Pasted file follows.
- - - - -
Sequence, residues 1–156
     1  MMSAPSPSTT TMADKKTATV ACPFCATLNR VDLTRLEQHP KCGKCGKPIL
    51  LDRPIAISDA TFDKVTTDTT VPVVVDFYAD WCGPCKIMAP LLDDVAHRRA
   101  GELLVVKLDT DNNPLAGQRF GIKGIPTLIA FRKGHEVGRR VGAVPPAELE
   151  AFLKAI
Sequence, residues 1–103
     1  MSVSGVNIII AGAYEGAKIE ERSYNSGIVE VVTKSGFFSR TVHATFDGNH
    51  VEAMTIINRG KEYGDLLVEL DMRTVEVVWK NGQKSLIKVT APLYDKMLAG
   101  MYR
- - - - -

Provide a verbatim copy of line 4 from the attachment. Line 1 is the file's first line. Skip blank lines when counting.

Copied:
   101  GELLVVKLDT DNNPLAGQRF GIKGIPTLIA FRKGHEVGRR VGAVPPAELE